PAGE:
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Social distance Stephen Rees’ blog Urban Planning

There was a bit of ambivalence for me yesterday. The people who work in our hospitals posted “Stay at home”

But the official line from Bonnie Henry, the provincial health officer, is that we can and should go for a walk as long as we distance ourselves socially. This is clearly easier to achieve in some places than in others. The images that accompany this post show what was going on yesterday in Locarno Beach and Spanish Banks. The logs are now removed to prevent collection in one place.

Social distance sign
Note that the Parks Board cannot do even the simplest things right.
Below the city it does the right thing
See the difference?
Social distancing 1
Social distancing 2
Social distancing 3

Then this appeared on Facebook this morning. Everything below is a quote.

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Good reading. Please share subject: Eye opening

Very, very important information from Jonathan Smith:

Hello everyone, as an epidemiologist for infectious diseases (even if only to a small extent), at this point in time feel morally obliged to provide some information about what we see from a transmission-dynamic perspective and how it is applied to the social distancing measures. Like any good scientist, I have noticed two things that are either not articulated or not found in the “literature” of social media. I also mark my much smarter friends of infectious disease epidemiologists for reviewing this post. Please correct me if I am wrong (seriously).

In particular, I would like to make two aspects of these measures very clear and unambiguous.

First, we are still in the early stages of this epidemic. This means that even with these measures, cases and deaths will continue to increase worldwide, nationally and in our own communities in the coming weeks. Our hospitals will be overwhelmed and people will die who didn’t have to. This could lead some people to believe that the social distancing measures are not working. They are. You can feel senseless. You are not. You will feel discouraged. You should. This is normal in chaos. But this is also a normal epidemic course. This enemy we face is very good at what he does; we don’t fail. We need everyone to keep the line, as the epidemic will inevitably worsen. That is not my opinion; This is the unforgiving math of the epidemics for which I and my colleagues have devoted our lives to understanding with great nuance, and this disease is no exception. We know what’s going to happen; I want to help the community prepare for this impact. Stay strong and show solidarity and know with absolute certainty that you will save lives even when people get sick and die. You may want to give in. Not.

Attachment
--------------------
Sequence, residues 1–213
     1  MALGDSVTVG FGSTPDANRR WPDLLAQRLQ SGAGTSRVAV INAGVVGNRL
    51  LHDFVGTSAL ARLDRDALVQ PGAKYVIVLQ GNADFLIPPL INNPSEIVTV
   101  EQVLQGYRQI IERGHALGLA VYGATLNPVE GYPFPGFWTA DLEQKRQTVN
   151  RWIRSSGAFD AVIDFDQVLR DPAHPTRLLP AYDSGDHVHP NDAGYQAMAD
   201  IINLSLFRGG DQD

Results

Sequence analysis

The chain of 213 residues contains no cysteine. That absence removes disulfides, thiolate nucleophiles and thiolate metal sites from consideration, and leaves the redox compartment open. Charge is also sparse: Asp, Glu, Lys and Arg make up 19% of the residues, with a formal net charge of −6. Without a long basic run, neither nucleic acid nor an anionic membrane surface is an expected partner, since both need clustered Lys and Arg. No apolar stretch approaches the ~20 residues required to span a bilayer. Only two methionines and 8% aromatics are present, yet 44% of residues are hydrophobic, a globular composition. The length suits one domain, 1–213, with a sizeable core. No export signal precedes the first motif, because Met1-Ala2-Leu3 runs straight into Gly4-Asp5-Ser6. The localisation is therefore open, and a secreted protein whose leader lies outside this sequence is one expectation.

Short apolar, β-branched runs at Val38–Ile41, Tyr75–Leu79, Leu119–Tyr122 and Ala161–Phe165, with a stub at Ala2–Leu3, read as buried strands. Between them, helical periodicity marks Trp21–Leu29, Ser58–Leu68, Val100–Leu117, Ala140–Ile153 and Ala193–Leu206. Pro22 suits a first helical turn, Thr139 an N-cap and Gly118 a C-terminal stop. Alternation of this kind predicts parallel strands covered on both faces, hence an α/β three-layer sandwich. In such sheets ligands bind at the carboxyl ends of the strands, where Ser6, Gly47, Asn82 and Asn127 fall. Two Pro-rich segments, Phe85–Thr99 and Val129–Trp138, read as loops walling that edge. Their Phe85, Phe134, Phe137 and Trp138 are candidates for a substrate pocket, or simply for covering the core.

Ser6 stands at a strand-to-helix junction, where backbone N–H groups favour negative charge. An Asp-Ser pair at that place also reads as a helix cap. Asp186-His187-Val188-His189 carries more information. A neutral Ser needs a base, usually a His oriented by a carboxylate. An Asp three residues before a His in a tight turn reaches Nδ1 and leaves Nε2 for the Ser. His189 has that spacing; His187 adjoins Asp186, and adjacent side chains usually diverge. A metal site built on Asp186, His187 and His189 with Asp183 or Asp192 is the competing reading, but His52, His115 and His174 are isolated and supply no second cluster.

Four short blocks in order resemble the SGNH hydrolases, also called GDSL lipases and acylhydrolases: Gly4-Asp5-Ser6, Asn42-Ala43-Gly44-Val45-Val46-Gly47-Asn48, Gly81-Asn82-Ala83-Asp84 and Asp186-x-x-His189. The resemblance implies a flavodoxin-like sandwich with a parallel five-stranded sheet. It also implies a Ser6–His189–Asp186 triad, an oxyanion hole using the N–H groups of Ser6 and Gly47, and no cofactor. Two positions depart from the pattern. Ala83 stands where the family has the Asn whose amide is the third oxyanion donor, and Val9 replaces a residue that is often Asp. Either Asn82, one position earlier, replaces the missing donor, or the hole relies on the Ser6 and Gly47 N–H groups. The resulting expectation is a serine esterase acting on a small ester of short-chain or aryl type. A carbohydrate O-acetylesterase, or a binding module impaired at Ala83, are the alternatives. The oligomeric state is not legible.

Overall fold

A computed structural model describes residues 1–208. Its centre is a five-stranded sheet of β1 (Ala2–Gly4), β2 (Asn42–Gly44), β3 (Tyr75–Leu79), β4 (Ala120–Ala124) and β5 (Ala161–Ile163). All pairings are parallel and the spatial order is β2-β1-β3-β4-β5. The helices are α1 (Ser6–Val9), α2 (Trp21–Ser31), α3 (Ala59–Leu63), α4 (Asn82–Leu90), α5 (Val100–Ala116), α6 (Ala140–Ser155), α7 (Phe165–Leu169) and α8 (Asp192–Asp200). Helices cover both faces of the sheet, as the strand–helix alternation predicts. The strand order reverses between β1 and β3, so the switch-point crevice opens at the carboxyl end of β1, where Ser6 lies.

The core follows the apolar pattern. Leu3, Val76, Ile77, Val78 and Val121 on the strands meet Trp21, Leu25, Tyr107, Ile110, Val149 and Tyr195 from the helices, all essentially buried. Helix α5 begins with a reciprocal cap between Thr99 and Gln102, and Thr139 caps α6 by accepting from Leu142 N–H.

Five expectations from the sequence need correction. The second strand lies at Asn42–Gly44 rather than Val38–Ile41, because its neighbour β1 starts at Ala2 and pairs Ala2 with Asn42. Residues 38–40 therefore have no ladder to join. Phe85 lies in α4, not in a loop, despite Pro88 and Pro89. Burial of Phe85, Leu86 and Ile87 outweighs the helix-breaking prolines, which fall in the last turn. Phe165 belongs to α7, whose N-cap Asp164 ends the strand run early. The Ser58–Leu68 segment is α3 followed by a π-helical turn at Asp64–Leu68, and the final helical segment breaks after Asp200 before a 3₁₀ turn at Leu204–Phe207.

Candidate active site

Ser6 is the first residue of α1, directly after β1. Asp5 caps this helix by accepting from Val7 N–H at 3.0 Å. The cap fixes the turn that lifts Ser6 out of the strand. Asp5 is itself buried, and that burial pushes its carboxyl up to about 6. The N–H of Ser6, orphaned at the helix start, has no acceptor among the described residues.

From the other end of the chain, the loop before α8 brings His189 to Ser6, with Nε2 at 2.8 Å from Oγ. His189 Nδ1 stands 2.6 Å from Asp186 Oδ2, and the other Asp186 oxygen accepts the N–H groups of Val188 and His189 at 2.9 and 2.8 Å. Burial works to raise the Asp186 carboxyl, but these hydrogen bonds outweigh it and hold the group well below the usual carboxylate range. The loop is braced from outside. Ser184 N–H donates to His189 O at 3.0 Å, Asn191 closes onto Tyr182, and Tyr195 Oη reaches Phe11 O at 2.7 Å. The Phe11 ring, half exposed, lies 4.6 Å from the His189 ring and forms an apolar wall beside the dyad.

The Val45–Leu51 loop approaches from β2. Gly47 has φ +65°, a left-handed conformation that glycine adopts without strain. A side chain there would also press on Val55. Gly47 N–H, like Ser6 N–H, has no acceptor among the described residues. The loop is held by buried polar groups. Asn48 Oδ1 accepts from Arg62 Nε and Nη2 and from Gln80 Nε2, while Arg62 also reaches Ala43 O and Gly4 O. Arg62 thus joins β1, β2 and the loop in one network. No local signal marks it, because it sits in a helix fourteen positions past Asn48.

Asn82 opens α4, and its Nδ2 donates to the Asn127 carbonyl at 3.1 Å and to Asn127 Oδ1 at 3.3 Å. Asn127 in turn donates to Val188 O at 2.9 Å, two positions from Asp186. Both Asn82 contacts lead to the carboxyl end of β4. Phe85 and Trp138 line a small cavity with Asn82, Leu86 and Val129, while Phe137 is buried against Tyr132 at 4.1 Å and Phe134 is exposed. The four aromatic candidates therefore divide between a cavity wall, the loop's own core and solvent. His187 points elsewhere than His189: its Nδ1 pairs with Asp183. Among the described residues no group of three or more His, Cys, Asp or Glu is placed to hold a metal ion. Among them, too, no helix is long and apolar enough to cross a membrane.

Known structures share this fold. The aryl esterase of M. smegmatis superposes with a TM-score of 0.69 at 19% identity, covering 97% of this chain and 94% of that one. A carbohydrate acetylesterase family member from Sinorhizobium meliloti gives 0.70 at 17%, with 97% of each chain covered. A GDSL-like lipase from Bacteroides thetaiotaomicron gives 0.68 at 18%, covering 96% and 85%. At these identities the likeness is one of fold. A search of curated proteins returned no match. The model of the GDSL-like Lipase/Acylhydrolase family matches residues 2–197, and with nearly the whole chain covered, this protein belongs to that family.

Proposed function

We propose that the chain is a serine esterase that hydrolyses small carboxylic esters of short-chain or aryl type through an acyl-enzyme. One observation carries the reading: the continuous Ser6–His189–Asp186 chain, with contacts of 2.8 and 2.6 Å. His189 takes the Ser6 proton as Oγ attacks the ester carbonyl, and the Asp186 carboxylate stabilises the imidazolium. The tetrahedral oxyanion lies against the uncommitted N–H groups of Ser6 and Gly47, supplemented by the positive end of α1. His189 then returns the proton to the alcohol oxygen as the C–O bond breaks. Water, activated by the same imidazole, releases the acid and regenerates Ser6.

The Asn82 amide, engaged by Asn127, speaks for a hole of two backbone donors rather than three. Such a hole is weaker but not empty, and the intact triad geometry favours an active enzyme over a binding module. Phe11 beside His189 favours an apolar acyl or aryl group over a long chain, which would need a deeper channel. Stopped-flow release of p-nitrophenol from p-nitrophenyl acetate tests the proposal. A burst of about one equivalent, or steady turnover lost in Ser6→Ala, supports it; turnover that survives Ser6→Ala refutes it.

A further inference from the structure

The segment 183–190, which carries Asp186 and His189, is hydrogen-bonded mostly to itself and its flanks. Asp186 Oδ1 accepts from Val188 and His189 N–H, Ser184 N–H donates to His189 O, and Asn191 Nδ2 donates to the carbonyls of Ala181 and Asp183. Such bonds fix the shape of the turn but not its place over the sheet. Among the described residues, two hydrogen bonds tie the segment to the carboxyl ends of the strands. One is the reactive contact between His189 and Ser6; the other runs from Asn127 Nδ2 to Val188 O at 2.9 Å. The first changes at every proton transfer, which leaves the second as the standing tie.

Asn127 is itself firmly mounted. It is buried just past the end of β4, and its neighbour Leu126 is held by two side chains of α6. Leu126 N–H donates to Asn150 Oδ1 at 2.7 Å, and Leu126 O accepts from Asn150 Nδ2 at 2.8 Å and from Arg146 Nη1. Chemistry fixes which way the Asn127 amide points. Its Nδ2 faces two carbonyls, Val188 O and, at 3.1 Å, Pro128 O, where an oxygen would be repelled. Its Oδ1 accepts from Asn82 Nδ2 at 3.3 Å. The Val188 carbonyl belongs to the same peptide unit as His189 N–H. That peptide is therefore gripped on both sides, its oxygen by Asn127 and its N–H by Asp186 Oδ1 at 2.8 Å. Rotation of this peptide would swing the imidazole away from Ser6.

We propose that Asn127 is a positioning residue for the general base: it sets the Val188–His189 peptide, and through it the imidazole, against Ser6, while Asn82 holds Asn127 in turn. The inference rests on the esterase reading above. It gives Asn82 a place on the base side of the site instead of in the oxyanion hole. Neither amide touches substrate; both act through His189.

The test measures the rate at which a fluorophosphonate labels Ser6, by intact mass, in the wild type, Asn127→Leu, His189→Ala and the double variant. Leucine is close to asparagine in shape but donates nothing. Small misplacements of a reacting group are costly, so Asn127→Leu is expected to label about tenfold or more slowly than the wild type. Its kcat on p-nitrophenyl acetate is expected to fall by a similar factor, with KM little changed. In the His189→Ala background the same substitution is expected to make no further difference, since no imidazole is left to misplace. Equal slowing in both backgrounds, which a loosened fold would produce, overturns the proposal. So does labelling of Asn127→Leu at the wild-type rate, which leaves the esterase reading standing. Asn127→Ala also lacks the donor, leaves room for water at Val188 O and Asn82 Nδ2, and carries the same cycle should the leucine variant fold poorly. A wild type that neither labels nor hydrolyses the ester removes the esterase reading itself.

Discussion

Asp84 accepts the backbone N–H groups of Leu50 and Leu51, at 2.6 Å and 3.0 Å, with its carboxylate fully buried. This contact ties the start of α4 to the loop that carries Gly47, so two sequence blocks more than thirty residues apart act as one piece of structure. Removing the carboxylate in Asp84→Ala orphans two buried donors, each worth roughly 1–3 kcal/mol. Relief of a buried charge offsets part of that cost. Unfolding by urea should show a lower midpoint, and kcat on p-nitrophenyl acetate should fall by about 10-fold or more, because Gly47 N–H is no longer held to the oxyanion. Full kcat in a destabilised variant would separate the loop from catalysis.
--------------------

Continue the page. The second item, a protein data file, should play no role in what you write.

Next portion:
Second, although social distancing measures have been well received (at least temporarily), there is an obvious but overlooked phenomenon when groups (i.e. families) are considered in the transmission dynamics. While social distancing reduces contact with members of society, it naturally increases your contacts with group members (i.e. family members). This small and obvious fact has surprisingly profound effects on the transmission dynamics of diseases. Study after study shows that even if there is little correlation between groups (i.e. social dinners, game dates / playgrounds, etc.), the course of the epidemic is not much different than if there were no action. The same principles of disease transmission apply, and the result is that the community has all social and economic disorders but very little public health benefit. You should see your entire family as a single entity. When a person puts himself at risk, everyone in the unit is at risk. Seemingly small social chains are growing large and complex at an alarming rate. If your son visits his girlfriend and you later sneak up for coffee with a neighbor, your neighbor is now connected to the infected office worker who the mother shook hands with your son’s girlfriend. That sounds silly, it isn’t. This is not a joke or a hypothesis. We as epidemiologists keep seeing it in the data and no one is listening. Conversely, any break in this chain interrupts the transmission of disease along that chain.

In contrast to hand washing and other personal measures, social distancing measures are not about individuals, but about societies that work in harmony. These measures also take a long time to see the results. It is difficult (even for me) to imagine how “a quick little get-together” can undermine the whole framework of an intervention in the area of ​​public health, but it does. I promise you. I promise it. I promise it. I promise it. You can’t cheat on it. People are already itching to cheat on social distancing precautions just a “small” one – a game date, a haircut or picking up an unnecessary item in the store, etc. From a transmission dynamics point of view, this quickly restores a strongly connected social network undermines all the work the community has done so far.

Until we get a usable vaccine, this unprecedented outbreak will not be overcome in a grand, sweeping gesture, but only through the collection of individual decisions that our community will make in the coming months. This virus is unforgiving to unwise decisions. My goal in writing is to prevent communities from being “beaten up” by what the epidemiological community knows in the coming weeks. It will be easy to get involved in the idea that what we are doing is not working and be paralyzed by fear, or to “cheat” a bit in the coming weeks. Knowing what to expect and how important it is to maintain these measures, I hope to promote the continued community spirit, strategy and action to persevere in this time of uncertainty.

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